Natalie Baur 2015-05-22 12:39:03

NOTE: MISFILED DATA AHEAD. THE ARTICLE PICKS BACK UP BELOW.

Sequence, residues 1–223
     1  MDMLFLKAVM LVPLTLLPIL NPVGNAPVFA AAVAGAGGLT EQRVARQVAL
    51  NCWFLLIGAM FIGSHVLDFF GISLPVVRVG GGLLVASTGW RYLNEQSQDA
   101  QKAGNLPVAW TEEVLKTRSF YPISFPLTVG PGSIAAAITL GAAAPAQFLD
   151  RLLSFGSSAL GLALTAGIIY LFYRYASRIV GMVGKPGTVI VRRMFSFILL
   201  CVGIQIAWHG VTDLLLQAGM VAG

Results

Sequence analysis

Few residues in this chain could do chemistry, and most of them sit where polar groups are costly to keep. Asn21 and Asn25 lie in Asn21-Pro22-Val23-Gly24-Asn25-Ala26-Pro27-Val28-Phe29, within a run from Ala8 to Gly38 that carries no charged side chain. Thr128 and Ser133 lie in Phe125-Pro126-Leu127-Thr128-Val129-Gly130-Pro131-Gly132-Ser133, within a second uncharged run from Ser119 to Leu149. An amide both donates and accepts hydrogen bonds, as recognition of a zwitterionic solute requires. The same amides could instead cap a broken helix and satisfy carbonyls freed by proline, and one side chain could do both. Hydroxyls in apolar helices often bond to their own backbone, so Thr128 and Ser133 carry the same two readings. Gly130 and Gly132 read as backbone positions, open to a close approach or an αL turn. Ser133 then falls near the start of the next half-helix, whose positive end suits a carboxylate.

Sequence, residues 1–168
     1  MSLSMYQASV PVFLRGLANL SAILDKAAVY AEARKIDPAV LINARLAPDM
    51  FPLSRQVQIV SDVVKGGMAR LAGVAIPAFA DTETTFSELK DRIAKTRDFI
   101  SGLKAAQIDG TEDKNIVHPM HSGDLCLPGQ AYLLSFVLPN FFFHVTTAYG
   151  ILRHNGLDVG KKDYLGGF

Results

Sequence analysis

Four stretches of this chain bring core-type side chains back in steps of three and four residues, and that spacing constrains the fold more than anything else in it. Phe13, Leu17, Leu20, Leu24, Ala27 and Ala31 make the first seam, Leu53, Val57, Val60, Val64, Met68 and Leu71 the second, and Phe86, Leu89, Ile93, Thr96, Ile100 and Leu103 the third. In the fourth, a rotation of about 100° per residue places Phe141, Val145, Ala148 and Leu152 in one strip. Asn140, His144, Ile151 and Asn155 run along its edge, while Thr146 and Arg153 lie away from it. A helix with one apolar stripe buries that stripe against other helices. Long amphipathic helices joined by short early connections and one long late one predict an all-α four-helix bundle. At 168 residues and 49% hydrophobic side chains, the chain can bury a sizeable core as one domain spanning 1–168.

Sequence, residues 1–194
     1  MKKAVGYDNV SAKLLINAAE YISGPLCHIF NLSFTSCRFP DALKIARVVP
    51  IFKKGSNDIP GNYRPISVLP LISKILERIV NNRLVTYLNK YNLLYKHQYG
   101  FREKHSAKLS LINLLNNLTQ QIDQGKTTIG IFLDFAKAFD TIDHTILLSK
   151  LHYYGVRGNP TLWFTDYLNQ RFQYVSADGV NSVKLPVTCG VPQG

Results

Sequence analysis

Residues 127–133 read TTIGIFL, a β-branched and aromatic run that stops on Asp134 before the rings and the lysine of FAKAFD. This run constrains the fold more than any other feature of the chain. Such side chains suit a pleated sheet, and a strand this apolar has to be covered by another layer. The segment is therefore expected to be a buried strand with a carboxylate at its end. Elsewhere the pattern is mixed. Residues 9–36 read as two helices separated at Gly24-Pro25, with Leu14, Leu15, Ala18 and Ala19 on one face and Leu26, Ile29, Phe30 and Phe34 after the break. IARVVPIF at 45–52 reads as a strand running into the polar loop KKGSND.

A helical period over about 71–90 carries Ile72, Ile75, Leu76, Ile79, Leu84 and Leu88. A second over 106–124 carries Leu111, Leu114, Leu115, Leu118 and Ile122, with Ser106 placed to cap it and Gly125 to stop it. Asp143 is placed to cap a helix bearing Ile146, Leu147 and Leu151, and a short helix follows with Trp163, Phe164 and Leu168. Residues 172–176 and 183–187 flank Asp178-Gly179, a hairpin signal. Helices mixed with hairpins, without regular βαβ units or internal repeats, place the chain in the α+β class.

When Hiram Ruston opened the doors of the Ruston Academy in 1920, he had a unique vision for his teachers and students. A private, bilingual, coeducational K–12 school in Havana, Cuba, Ruston Academy was a place where students from around the world could learn and grow together, come to understand one another in Spanish and English, and share the cultures and customs of students who came from many different countries. The school was a success, and by 1940 more than 750 students were enrolled. In 1946, teachers James and Sibyl Baker inherited ownership of the school and continued in Ruston’s footsteps by converting it to a nonprofit educational foundation to better serve its educational mission. The passion, dedication, and love for Ruston Academy has continued into the present despite the school closing in 1960 at the beginning of the Cuban Revolution. James Baker was instrumental in leading efforts to help Cuban children reach safe harbor in the United States with the Operation Pedro Pan program, a program run by the Catholic Welfare Bureau (Catholic Charities) of Miami, with the support of the US Department of State. Ruston’s alumni now keep the school’s spirit alive through an active alumni organization in exile, many of them also Pedro Pans aided to safety by their one-time principal. A Dedicated Alumni Organization Ruston Academy alumni have always been interested in preserving their school’s history, not only for themselves and the Cuban exile community, but also for the benefit of scholars and researchers. Chris Baker, a former president of the Ruston alumni group and son of James and Sibyl Baker, donated the bulk of the Ruston Academy materials to the Cuban Heritage Collection (CHC) at the University of Miami Libraries in 2012. These materials included photographs, scrapbooks, yearbooks, school newspapers, school brochures and other ephemera, and the records of the alumni organization, the Ruston-Baker Educational Institution. Since the donation, the Baker family and the Ruston Academy alumni group have been actively involved in establishing the Ruston Academy archive. Chris Baker and his brother Dennis helped the CHC to identify people, places, and events in the donated photographs, and Chris worked with me for nearly a week to help sort through, organize, and give contextual information for the Ruston Academy and Ruston-Baker Educational Institution documents. In mid-2014, the CHC unveiled the Ruston Academy digital collection, which includes digitized photographs and historical Ruston Academy materials, such as yearbooks, brochures, and ephemera. Pilot Project Although Baker and his brother helped the archives staff identify hundreds of donated photographs, there was still work to be done: Many photographs and ephemera had incomplete, misattributed, or incorrect metadata in the online digital collection. When the digital collection went live, Baker expressed interest in helping to improve description and identification. The CHC took this as an opportunity to develop a pilot crowdsourcing project in anticipation of rolling out a larger crowdsourcing project at the Ruston alumni meeting later that year. To develop the pilot project, we worked with an existing crowdsourcing user guide developed by metadata librarian Matt Carruthers. The guide was modified for specific use by the Ruston group. Using the comment feature in CONTENTdm, CHC Chair María R. Estorino Dooling and I developed a commenting strategy based on two types of crowdsourced information: addition of information and corrections/ misattributions. We divided the comments into these two categories to prioritize the work of changing the metadata in CONTENTdm. All added information, including descriptions of the history of an event, information about individuals in a photograph, or other contextual information, would be left in the comment field to live alongside the metadata in the description fields in CONTENTdm. However, corrections and misattributions would be prioritized so that metadata librarians would manually correct the information in the description fields. This approach is more sustainable for curators, metadata librarians, and their staff for handling the input of crowdsourced description for an active user base. During summer 2014, Baker added more than one hundred comments to the digital collections with relative ease, and three additional participants also contributed comments. Working with the Ruston Alumni While Baker’s donation filled five boxes of materials, many other alumni still had materials that they were interested in donating. Estorino Dooling and Ruston Academy alumni leaders saw an opportunity to collaborate on bringing even more Rustonians and materials into the archive. Working with alumni leadership, Estorino Dooling arranged to host the group’s 2014 alumni meeting at the CHC. In November, nearly one hundred Ruston alumni came to the collection to hear about the Ruston Academy archive, see the processed collection, and learn how to use the Ruston digital collection. With the pilot project completed and a success, it was time to roll it out to the larger alumni community at the meeting. Working with the commenting guide and our experiences from the pilot project, I developed a workshop on digital collections and crowdsourced commenting for the visiting alumni. Walking the participants through accessing and using the digital collection first, I then demonstrated the ease of using the commenting feature using the conventions developed during the pilot project. Many of the participants were enthusiastic about how easy it was to find materials and add their own information; in fact, a few described it as being similar to commenting on Facebook. As part of the live workshop, I also developed an abbreviated handout based on the full version of the commenting guide to give to participants to take home with them. The other side of the handout included a call for donations, listing the types of materials the CHC was seeking to include in the Ruston Academy archive. With the workshop and handout, alumni could return home with a clear idea of the different ways in which they could continue to contribute to preserving their school’s history and legacy. Takeaways and Future Steps Crowdsourcing collections and description is a hot topic in libraries and archives, but it is rarely a successful undertaking without an engaged audience. At CHC we recognized that we had willing participants, a dedicated group of alumni who were interested in building their collections and helping to improve access to them through better description. Working through the pilot project and with alumni at the workshop, I found that most of the alumni were comfortable with the technology and the commenting process and were enthusiastic about contributing their knowledge and memories to the digital platform. Like any project requiring collaboration, the CHC will need to continue to take an active role with the alumni group to encourage crowdsourced description and collecting. The CHC continues this effort by working with alumni leaders who solicit donations from fellow alumni and encourage participation in the crowdsourcing project. Throughout the years, the CHC and Ruston Academy have developed a strong bond that continues to grow even stronger. Lasting friendships such as these require constant maintenance and feeding, but the hardest work of forging that bond has already happened. Today, the CHC and Ruston Academy look forward to working together to grow the archive, encouraging participation in the metadata commenting project, and exploring other avenues of collaboration. Notes For more information on Ruston Academy and the Ruston Academy records, see the finding aid at Cuban Heritage Collection, University of Miami Libraries, Coral Gables, Florida. Http://proust .library.miami.edu/findingaids/?p=collections /findingaid&id=1148. For details on the Henry King Stanford Award of the Amigos of the Cuban Heritage Collection, see http:// library.miami.edu/chc/amigos/stanford/. For more information on the Cuban Heritage Collection Fellowships program, see http://library .miami.edu/chc/fellows/. Ruston Academy records digital collection available at http://merrick.library.miami.edu/cubanHeritage /chc5293/. For an example of a digitized record with crowdsourced description, see: http://merrick.library .miami.edu/cdm/singleitem/collection/ruston/id/274/rec/2. Project Members María R. Estorino Dooling, Chair, Cuban Heritage Collection Natalie Baur, Archivist, Cuban Heritage Collection Amanda Moreno, Processing Assistant, Cuban Heritage Collection Lyn MacCorkle, Digital Repository Librarian Mairelys Lemus-Rojas, Metadata and Cataloging Librarian